Design sprints and how to tame them

Sprinting for design

When introducing a bold, new method of doing things, you’ll face pushback. “What for?”, “What’s wrong with the way we’re doing things? We’re agile!” — those questions will be your trusted, if annoying companions. Showing that you’re doing something for a purpose is paramount to having any impact at all.

So what does that have to do with “design sprints”? Well, it’s a bold, new method. It works. People will hate it at first. Implementing it as an accepted way of doing things in your organization will yield amazing results. So, no time like the present to learn more about it.

Design sprints were developed at Google Ventures by Jake Knapp. You’ll find all there’s to know about them, including detailed charts and timeboxes and such on their website. There’s also an updated version called Design Sprint 2.0. Read about them both, and choose one that you think will suit your needs best. It’ll probably be the 1.0, it grants more leeway for… unforeseen issues with active participation in the workshop.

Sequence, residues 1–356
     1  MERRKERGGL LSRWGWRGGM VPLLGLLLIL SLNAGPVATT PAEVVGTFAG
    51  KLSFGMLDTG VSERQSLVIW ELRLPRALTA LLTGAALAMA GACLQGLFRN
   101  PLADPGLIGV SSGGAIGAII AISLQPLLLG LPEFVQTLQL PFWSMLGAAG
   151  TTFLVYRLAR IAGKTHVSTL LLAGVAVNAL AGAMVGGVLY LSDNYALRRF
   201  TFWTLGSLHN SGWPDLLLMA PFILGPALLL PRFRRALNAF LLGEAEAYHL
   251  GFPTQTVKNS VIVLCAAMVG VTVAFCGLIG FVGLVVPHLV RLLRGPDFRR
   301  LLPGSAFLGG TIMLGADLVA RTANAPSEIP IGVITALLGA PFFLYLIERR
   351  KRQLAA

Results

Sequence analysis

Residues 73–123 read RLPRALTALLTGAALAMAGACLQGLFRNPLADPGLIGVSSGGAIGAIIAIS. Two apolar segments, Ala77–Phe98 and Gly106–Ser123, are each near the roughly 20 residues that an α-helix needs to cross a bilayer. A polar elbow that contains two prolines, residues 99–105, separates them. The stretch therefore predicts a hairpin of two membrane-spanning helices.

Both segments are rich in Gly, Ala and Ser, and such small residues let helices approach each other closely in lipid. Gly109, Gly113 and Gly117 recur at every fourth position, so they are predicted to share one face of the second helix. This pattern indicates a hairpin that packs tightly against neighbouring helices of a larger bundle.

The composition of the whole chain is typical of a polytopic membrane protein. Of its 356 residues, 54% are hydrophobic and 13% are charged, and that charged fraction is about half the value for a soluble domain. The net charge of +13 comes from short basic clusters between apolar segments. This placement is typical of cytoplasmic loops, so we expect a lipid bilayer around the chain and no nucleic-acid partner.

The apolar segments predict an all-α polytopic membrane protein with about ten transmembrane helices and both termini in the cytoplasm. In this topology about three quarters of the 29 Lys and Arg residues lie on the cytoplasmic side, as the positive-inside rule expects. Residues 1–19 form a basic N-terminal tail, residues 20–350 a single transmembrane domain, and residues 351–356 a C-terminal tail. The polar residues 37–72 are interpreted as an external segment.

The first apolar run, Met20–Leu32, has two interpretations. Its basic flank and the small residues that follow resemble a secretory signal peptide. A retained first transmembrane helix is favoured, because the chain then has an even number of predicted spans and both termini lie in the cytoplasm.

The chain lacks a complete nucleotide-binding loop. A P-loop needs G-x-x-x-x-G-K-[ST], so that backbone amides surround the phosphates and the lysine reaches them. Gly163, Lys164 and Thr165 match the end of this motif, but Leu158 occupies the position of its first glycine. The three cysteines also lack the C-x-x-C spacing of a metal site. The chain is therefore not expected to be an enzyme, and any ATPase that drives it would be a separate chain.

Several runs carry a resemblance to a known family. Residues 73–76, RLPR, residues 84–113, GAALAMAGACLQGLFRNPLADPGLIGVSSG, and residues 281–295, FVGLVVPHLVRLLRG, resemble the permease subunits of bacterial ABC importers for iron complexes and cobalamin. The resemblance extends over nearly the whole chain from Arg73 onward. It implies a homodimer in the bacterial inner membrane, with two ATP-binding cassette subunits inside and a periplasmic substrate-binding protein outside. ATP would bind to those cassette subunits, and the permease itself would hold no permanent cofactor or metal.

The purpose of this article is not to teach you what design sprint are, but to share my thoughts on how to prepare yourself, your sanity, and other stakeholders for such an endeavour as the first ever design sprint. Caught up on the basics? Then let’s dive right in.

Getting the buy-in

Like I wrote in my previous pieces, if you don’t know where things start, they probably do so at a point of buy-in. Since sprints require clearing schedule for subject experts, designers, researchers, managers/CXX level people (depending on the severity of an issue you want to sprint for), you’ll need some proper, heavy buy-in at the highest level of your company. If you’re new at your job, you might get mixed success with it, but hey — you won’t know whether you’ve failed if you never had started.

The value of design sprints lies in time. This is the argument you’ll need for getting exclusivity on key stakeholders for a week. While doing things the regular way, especially when dealing with blue ocean issues, for instance — from a perspective of a public service provider, you want to learn how do people go about establishing their own company and what kind of digitization effort you might provide that’ll help them to that end — you will need 9 to 12 weeks of an agile processes to go through ideation, prototyping, testing and discarding failed ideas. With design sprints, you’ll ditch your worst assumptions in 5 days.

Having the argument of time talked through, there’s another benefit to design sprints. They force what I like to call inside-the-box-thinking (as opposed to, you know, thinking outside of the box). Through strict, immutable timeboxes, they ensure discipline and structure necessary for tackling issues of the highest order, thanks to: